Bias and future changes in the annual cycle of monsoon precipitation in global climate models


This study examines the annual cycle of monsoon precipitation simulated by models from the Coupled Model Intercomparison Project phase 6 (CMIP6), focusing on model bias and future changes. Characteristics of the rainy season are quantified using a consistent method across the globe. Models exhibit rainy season onsets tens of days later than observed in some monsoon regions (India, Australia, and North America) and strong positive bias in summer rain rates in others (North America, West Africa, South America, and southern Africa). Projected next-century changes include lengthening of rainy seasons in the two largest Northern Hemisphere monsoon regions (South Asia and West Africa) and shortening in the two largest Southern Hemisphere regions (South America and southern Africa). Projected changes in the North American and Australian monsoons are less coherent across models. To understand these changes, the relative moist static energy (MSE) is defined as the difference between local and tropical-mean surface air MSE. Future changes in relative MSE in each region correlate well with onset and demise date changes. Furthermore, Southern Hemisphere regions projected to undergo shortening of the rainy season are spanned by an increasing equator-to-pole MSE gradient, suggesting their rainfall will be increasingly inhibited by ventilation by dry extratropical air; Northern Hemisphere regions with projected lengthening of rainy seasons undergo little change in equator-to-pole MSE gradient. Thus, although model biases raise questions on the reliability of some projections, these results suggest that globally inhomogeneous future changes in monsoon timing may be understood through simple measures of surface air MSE.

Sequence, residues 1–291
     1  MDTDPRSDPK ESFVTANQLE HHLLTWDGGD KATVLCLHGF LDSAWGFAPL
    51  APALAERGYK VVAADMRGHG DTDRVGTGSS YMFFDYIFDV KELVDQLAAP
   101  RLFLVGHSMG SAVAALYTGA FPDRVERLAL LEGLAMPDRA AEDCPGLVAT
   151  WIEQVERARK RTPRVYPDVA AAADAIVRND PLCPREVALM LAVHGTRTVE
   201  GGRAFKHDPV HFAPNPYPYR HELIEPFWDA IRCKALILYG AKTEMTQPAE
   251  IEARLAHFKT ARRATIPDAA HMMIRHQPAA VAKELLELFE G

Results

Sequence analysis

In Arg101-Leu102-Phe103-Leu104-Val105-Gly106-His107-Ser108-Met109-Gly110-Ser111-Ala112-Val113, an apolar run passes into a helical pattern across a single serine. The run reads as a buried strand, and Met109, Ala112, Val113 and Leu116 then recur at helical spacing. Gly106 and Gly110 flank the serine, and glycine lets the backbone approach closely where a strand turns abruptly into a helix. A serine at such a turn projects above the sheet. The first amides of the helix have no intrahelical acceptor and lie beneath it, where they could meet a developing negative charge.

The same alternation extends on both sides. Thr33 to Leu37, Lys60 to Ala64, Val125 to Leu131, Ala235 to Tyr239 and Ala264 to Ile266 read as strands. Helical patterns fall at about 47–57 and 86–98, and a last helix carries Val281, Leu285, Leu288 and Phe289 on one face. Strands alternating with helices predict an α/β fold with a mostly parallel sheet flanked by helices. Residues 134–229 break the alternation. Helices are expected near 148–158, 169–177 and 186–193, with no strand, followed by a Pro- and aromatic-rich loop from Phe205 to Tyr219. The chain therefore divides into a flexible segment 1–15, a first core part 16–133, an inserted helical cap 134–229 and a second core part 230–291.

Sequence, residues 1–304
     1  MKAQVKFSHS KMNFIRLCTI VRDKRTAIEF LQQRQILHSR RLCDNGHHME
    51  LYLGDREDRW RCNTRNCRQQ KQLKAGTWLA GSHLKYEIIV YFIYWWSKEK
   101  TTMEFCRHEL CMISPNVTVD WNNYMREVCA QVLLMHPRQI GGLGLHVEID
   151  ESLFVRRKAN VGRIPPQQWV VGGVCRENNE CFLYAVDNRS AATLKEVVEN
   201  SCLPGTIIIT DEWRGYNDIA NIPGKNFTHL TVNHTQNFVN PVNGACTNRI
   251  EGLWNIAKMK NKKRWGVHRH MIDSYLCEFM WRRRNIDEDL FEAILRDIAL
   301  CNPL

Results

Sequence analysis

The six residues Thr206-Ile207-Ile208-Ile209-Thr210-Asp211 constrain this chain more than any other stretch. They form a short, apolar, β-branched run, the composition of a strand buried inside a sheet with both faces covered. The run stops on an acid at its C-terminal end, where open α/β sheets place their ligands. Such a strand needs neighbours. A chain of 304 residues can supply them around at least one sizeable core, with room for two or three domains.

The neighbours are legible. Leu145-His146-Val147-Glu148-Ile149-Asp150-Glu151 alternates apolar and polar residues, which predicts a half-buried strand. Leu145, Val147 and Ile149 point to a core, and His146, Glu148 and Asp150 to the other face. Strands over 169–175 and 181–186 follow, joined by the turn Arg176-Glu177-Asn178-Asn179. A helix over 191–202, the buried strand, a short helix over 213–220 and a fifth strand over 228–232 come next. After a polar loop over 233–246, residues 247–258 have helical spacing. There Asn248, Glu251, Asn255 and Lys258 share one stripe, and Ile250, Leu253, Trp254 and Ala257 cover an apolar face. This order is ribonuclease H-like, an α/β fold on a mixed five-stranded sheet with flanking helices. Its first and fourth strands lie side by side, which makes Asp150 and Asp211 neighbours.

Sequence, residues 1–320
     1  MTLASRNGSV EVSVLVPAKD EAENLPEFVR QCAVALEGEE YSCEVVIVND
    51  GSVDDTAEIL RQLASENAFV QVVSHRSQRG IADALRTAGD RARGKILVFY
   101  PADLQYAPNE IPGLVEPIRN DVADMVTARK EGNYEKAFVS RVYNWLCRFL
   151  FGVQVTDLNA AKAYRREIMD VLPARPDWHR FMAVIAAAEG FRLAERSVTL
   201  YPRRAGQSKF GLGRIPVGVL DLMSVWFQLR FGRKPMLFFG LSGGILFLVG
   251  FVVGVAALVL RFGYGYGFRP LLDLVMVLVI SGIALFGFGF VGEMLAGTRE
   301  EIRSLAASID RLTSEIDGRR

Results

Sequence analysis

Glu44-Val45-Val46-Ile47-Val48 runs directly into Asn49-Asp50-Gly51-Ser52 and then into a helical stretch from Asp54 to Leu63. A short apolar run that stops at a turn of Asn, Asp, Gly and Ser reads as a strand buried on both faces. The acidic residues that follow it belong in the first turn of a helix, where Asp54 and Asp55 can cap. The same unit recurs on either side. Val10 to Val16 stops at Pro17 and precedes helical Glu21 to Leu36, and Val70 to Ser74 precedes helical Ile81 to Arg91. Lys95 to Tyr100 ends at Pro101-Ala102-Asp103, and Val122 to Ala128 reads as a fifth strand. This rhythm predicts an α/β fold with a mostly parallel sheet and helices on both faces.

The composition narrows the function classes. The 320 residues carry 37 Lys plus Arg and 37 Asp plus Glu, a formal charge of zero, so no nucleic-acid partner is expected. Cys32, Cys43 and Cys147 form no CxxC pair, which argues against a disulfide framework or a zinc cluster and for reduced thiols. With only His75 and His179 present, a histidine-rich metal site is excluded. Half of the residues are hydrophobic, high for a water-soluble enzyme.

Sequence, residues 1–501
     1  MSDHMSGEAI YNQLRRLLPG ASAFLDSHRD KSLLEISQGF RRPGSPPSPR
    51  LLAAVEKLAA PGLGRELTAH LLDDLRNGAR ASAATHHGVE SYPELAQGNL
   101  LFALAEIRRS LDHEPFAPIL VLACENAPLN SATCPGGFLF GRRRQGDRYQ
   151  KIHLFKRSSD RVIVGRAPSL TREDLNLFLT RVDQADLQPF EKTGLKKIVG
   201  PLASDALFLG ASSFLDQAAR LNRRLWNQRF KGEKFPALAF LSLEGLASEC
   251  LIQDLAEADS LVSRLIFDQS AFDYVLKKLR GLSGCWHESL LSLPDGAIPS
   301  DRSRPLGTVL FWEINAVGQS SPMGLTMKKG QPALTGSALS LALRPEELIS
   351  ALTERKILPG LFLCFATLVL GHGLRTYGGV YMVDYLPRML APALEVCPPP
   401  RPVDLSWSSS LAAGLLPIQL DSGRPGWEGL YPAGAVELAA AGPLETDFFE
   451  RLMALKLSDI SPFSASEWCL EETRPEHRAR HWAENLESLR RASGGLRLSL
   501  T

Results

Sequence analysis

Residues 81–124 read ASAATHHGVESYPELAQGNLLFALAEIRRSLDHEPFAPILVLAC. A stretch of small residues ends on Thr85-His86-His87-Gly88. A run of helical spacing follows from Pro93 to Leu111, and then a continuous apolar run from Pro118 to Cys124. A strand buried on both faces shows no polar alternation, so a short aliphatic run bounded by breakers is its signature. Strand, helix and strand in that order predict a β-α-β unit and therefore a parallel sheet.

in review